In 2008 the lifespan for the median fund – across sectors and geographies– was 11.5 years.
The majority, 33 percent, of private equity funds that dissolved last year took 13 to 14 years to wrap up and another 29 percent took between 11 and 12 years. Only 12 percent of liquidated private equity funds were wound up by their 10th year.
The biggest disadvantage for limited partners in funds with longer-than-expected fund lives is lower annual returns, however lack of liquidity is also a major concern, which is where the secondaries market may benefit.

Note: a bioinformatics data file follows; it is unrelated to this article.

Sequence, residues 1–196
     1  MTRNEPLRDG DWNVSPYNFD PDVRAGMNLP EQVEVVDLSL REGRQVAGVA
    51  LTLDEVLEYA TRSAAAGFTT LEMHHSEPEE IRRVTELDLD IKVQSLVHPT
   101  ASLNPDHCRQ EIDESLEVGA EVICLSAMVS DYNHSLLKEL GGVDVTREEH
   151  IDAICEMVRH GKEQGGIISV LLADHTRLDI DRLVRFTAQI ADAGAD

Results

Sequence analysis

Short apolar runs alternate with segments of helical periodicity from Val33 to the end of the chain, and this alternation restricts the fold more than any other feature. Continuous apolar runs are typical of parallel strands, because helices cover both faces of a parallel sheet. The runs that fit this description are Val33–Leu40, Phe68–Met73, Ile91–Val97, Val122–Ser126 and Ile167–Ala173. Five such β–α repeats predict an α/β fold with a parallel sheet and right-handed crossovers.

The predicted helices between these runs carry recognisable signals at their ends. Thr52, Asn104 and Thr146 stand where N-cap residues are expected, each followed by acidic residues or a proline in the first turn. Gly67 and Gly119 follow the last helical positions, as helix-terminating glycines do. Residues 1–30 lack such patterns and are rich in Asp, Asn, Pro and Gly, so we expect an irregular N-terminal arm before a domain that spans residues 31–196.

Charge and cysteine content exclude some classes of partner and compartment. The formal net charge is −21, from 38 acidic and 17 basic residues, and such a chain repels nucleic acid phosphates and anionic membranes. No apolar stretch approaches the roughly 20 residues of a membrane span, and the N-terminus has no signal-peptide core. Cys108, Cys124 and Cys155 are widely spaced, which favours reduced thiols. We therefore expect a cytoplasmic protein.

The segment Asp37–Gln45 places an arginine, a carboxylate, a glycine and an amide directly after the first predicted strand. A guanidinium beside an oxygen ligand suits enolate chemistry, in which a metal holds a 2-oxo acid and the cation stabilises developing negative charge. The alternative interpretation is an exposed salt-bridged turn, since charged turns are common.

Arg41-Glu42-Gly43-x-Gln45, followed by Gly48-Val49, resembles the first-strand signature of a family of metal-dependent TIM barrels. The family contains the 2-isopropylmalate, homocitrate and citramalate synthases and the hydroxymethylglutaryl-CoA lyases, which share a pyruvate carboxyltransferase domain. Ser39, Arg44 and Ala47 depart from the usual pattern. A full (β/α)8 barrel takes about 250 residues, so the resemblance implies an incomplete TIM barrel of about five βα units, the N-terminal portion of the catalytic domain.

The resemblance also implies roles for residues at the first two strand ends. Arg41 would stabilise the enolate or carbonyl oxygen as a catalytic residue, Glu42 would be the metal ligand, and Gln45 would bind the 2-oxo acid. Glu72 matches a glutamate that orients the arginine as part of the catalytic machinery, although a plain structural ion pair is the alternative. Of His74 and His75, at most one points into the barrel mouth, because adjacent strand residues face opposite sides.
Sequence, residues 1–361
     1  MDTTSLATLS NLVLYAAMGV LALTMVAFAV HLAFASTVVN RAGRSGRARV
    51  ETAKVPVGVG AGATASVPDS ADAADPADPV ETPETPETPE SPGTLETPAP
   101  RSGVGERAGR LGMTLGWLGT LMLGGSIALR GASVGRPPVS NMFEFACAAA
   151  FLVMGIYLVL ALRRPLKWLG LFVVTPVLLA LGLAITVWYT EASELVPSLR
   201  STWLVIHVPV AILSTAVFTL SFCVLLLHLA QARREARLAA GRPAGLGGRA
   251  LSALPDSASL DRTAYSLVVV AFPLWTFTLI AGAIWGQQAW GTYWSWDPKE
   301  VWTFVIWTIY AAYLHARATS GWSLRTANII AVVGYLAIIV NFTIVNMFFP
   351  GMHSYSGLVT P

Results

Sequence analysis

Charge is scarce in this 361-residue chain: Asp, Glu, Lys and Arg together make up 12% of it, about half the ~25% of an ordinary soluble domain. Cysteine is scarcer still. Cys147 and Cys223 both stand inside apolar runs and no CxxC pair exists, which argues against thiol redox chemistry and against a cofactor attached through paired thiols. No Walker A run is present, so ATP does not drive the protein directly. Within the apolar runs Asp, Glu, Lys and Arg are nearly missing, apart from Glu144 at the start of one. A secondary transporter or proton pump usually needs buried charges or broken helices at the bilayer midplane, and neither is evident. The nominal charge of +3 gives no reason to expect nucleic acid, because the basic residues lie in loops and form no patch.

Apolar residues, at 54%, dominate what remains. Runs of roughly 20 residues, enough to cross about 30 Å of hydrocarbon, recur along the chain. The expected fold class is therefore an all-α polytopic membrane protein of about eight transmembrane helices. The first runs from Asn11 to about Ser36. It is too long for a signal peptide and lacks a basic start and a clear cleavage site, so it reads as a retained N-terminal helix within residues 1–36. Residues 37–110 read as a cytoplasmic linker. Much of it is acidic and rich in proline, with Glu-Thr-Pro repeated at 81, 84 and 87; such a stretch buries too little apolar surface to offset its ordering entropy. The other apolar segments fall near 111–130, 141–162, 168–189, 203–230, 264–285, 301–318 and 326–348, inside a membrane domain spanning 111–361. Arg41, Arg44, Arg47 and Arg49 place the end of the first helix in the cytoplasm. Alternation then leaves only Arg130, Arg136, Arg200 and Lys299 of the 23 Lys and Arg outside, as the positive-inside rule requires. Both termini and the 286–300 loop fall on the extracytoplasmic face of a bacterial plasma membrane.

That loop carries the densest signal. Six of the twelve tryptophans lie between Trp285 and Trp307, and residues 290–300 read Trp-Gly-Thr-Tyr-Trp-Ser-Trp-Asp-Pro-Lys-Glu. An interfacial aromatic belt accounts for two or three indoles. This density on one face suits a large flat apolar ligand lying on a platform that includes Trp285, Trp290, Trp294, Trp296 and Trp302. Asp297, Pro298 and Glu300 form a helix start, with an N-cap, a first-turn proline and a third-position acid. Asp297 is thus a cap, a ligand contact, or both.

“Longer fund lives should clearly feed volume into the secondaries market,” Palico spokesperson David Lanchner told Secondaries Investor. “A number of funds are being restructured and that’s directly related to longer lifespans.”
Still, Lanchner doesn’t expect fund lives to continue to increase, at least not at the same rate.
“Any future lengthening [in terms of lifespan] may not be as dramatic as we’ve seen over the last five to six years or so, though,” he said.